If you’ve got a curious kiddo who likes to explore and create through science, engineering and technology, you need to put the The Museum of Flight’s new interactive aerospace exhibition, Above and Beyond: The Ultimate Interactive Flight Exhibition, on your family’s flight plan. This traveling installation is here through September 10 and is an excellent way to engage your future aerospace designer or engineer and learn about flying and building airplanes and what it takes to work in aeronautics.

Flying with the Geese_museum of flight

photo: Kelly Doscher

Up, Up and Away!
When you walk into the exhibit one of the first things you will see is the Spread Your Wings installation… at first glance, it looks like a giant screen. (Cue the vacuum sound.) Once your kids’ eyes have popped back into their heads, they’ll fall in line and stand on one of the giant dots on the carpet, as they’ve inadvertently been trained to do since kindergarten. Here’s where the interaction begins. Once someone stands on dot, the programmed exhibit reads and projects the movements of that person on the screen and then prepares them to fly with a gaggle of geese. An announcer’s voice instructs the soon-to-be flyers to roll, pitch and yaw as they fly in the formation of a skein of geese—the symmetric V-shaped flight formation of flights of geese, ducks, and other migratory birds. Psst! Younger ones might not understand how flying works or why flying in a V-formation conserves energy, but all of the arm flapping and interest in getting the challenge of the “game” right is a fantastic moment that can spark interest to learn more.

flight_simulator_museum of flight

photo: Kelly Doscher

A Top Gun Moment
Have you ever built an airplane? OK, we know this is a loaded question living in Seattle, but if your kids haven’t, now they can! The Full Throttle attraction is a two-step program that allows you to build a plane—select a body type, wings, tail, color, country code and a personalized three-digit tail number—then fly your plane through an in-air obstacle course.

Each of the three screens’ flights is person-specific, allowing the builder to fly the plane he or she just built and accurately replicate how that plane would fly in real life. Boeing test pilot and former US Nave test pilot, Mike Bryan—on hand to coach and inform young flyers at a recent visit—says, “the program that is used for this simulator is the same that he and his teammates use when working on Boeing projects… but clearly more simplified.”

above and beyond museum of flight

photo: The Museum of Flight

Reach for the Sky                                       
At the cusp of the exhibition, between the flight simulator and The Flight Zone, is, in our opinion, the best interactive installment of ’em all. And it’s called Dreams Aloft. There’s a video loop that shows young aerospace employees talking about what they do, what their interests are (think math, drawing and flying panes) and how they see their work helping people. The interactive element of this stop allows visitors to create video animation of their own dreams for the future of aerospace and launch them into a collective field of dreams. Psst! If meltdowns are on the horizon, save this one for another visit.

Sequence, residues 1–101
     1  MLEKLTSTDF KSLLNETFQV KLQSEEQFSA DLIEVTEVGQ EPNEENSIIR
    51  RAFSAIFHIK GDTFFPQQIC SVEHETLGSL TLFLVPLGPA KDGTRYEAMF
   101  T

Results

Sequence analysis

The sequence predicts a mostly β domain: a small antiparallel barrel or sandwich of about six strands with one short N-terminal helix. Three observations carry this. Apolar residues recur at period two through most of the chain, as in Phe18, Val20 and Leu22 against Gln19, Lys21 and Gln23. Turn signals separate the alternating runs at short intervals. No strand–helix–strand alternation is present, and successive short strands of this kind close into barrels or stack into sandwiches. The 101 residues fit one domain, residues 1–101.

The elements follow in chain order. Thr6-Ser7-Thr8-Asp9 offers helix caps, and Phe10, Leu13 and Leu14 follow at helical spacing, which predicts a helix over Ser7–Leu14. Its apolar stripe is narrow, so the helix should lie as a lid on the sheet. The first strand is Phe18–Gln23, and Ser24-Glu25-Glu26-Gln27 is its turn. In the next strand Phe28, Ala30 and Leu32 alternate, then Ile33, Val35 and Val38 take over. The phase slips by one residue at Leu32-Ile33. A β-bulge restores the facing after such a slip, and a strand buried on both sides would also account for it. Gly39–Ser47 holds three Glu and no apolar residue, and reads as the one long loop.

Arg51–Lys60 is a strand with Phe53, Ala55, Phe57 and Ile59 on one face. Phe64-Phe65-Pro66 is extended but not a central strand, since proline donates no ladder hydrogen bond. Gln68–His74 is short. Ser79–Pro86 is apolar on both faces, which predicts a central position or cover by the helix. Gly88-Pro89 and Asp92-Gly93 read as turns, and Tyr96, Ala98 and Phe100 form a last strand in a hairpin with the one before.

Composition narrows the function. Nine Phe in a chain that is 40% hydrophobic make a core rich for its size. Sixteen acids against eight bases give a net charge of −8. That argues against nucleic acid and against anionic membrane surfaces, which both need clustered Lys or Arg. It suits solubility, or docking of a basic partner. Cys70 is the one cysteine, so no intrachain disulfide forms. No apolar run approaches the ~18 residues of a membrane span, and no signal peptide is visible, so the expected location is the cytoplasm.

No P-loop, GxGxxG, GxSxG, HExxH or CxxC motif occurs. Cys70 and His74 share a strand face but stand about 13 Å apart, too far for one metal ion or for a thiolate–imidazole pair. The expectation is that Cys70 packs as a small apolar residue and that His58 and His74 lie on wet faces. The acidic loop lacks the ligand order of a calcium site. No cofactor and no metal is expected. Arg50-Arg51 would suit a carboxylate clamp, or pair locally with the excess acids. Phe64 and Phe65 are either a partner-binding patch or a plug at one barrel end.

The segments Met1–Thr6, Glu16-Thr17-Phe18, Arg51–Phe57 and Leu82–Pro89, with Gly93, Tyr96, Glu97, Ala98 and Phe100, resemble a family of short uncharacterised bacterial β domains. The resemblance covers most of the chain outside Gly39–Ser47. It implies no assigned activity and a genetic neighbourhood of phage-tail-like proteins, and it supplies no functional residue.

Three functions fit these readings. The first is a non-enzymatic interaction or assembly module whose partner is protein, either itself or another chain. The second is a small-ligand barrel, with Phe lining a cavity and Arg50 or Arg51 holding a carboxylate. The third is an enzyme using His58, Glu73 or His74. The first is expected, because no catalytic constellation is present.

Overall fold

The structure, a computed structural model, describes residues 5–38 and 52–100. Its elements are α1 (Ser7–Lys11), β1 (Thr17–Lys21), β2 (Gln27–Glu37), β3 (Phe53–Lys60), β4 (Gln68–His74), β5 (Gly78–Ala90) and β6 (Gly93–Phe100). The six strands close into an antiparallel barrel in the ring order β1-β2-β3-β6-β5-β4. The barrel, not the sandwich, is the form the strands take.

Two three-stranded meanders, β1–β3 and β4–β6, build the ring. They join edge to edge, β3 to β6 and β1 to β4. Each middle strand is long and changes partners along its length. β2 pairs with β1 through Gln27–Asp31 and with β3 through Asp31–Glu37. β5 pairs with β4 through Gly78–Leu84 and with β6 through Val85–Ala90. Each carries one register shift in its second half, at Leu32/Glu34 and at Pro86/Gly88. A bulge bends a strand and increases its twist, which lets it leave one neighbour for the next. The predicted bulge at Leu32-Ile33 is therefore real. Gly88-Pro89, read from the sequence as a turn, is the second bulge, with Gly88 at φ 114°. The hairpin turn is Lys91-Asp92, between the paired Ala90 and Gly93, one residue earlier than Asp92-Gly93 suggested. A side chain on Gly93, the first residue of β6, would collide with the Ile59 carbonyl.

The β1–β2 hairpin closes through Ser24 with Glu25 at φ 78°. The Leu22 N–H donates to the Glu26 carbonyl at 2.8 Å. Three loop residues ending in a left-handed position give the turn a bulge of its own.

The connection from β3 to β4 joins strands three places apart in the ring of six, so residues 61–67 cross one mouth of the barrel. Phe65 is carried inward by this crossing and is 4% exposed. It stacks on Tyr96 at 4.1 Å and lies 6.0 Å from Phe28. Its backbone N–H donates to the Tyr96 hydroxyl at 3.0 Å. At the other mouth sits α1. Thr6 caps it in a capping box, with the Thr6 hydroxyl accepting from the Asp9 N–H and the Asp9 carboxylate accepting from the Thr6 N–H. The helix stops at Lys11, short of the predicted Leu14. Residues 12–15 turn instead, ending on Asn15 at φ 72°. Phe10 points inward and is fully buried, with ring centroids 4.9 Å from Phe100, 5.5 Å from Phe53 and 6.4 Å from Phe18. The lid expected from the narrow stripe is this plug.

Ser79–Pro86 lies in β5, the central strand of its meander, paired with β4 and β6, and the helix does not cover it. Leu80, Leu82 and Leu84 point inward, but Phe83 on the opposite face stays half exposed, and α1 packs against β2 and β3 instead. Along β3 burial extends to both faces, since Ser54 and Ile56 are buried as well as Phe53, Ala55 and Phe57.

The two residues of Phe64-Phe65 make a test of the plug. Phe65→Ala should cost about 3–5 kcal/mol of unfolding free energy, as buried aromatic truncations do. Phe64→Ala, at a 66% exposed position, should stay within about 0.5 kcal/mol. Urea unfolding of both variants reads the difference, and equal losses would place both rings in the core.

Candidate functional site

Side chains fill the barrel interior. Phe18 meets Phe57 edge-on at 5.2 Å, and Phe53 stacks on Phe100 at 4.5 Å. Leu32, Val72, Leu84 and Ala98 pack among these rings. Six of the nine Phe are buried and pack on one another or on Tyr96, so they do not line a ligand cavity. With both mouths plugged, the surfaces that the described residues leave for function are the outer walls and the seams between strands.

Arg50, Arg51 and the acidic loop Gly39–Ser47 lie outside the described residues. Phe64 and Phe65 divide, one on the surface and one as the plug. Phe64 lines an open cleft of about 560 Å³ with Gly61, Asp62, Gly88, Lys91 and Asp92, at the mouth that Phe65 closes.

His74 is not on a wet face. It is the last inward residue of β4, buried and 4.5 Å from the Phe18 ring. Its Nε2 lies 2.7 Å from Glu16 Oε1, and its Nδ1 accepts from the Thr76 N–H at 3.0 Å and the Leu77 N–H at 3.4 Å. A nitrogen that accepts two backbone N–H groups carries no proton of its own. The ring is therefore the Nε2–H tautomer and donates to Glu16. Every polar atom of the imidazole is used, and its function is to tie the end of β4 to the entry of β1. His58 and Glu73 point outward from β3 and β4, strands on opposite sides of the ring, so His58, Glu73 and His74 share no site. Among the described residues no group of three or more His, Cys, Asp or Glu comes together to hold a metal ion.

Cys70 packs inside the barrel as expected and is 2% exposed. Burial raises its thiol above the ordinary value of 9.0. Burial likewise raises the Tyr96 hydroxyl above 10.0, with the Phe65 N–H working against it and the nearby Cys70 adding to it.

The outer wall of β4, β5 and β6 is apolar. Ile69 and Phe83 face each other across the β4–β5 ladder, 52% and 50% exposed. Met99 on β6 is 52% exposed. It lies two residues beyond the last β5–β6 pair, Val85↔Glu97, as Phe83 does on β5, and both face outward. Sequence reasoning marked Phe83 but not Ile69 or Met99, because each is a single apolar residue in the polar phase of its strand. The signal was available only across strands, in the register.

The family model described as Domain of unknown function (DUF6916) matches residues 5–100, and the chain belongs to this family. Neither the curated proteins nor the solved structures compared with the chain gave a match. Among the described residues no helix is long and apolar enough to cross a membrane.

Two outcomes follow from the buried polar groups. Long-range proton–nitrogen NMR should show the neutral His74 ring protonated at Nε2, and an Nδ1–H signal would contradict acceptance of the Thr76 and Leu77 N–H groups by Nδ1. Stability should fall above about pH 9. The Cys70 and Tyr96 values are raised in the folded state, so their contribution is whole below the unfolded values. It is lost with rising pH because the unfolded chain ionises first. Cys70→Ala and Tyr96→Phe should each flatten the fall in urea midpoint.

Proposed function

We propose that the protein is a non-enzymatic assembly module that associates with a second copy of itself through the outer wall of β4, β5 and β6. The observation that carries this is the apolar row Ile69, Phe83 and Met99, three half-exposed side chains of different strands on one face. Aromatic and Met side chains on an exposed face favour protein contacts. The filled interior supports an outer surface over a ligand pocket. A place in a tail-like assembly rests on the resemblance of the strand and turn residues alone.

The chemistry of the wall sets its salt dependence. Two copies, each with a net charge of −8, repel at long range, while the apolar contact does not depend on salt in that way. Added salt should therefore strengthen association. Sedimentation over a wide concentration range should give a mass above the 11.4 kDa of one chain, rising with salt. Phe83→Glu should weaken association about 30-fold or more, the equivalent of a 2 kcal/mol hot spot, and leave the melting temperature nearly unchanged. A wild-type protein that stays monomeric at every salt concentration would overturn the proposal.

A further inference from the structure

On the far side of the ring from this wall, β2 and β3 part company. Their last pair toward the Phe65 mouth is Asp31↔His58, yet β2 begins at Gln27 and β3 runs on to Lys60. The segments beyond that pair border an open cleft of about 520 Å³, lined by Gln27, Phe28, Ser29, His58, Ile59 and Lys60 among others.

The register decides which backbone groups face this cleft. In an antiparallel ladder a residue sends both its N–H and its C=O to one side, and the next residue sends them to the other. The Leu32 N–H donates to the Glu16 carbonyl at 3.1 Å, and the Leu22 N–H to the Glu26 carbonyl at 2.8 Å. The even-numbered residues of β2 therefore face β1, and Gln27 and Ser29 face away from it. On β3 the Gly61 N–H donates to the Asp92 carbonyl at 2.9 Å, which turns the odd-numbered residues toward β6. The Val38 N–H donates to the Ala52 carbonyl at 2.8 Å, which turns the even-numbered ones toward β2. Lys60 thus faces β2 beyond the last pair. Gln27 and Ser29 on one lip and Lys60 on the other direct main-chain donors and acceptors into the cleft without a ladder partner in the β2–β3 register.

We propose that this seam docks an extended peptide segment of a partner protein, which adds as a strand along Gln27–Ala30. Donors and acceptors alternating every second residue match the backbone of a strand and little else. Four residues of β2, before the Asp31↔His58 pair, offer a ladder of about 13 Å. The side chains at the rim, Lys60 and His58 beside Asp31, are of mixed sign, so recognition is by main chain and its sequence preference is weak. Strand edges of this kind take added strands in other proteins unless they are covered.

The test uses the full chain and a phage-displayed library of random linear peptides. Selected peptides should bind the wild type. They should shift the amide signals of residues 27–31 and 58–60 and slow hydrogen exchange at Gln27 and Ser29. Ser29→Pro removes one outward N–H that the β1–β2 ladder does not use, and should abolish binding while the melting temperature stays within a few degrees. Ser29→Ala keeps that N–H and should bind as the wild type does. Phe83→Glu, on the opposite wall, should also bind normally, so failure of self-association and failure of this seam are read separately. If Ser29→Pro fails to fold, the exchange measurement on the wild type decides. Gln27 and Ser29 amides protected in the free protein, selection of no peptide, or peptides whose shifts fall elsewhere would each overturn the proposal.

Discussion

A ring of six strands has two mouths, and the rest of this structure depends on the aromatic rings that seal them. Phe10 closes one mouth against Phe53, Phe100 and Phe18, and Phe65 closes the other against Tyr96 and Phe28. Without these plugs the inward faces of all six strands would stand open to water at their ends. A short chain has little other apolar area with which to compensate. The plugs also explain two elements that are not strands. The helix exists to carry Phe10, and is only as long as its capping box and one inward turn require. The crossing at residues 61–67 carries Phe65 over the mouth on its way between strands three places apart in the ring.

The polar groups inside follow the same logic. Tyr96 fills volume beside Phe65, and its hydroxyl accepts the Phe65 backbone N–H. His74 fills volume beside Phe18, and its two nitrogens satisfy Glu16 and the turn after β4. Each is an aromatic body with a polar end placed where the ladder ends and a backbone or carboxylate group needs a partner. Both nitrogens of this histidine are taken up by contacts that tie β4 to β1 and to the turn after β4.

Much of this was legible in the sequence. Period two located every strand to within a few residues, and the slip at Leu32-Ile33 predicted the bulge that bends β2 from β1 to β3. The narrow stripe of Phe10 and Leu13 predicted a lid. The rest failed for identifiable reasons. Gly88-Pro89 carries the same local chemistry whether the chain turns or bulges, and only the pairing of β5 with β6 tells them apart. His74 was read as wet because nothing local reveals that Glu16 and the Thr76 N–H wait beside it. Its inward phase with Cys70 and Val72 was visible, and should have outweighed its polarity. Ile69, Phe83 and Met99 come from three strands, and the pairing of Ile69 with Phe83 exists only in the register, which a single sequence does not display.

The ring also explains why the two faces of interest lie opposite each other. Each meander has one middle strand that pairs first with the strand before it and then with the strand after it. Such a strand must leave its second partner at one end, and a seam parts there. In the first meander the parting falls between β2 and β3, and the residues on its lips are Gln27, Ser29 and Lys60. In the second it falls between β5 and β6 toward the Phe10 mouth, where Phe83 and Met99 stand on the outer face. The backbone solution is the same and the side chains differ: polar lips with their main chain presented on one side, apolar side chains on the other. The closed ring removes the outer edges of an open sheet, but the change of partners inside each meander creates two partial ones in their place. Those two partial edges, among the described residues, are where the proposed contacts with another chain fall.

flight-zone-03

photo: The Museum of Flight

Know Before You Go
1. If you’re headed straight to the exhibit, be prepared for lots of oohs and ahhs on the way: you’ll be passing the main gallery, which is chock-full of impressive planes dangling from every which way.

2. Bring the little ones, for sure! But if their attention starts to wane, the newly renovated Flight Zone is just fifty paces to the southeast and it’s where the Littles will find really old planes (built in 1974!) whose cockpits are at the ready for little bums and whose struts still work with the push and pull of the joystick.

3. Museums can tucker out kids and parents alike and The Museum of Flight knows it. Take advantage of their Round Trip Ticket, a reduced ticket price that allows you to return to keep exploring and learning about planes, flying, innovations and our region’s rich aeronautic history.

4. Got a crew of hangry kids? Fuel up at Wings Café, an eatery inside the Museum that offers delicious food, refreshing beverages and an up-close view of the Boeing Field air traffic. Wings Café has an array of high-quality eats from quick snacks to hot entrees, perfect for refueling little tummies. Wings Café is open daily from 10 a.m.-5  p.m. and does not require admission to the Museum.

5. Thanks to Wells Fargo, on the first Thursday of every month, admission is FREE from 5 p.m.-9 p.m. and parking is always free. What’s not to like about that?

The Museum of Flight
9404 E. Marginal Way S.
Seattle, Wa 98108
Online: museumofflight.org
Hours: Daily, 10 a.m.-5 p.m.

Open: Now through September 10, 2016
Cost: $21-$23/Adults; $18-$19/Seniors; $13-$14/Youth (5-17); $20/Active Military; 4 & under Free

Have you soared over to Above & Beyond? What was your favorite part? Tell us in the Comments below.

— Kelly Doscher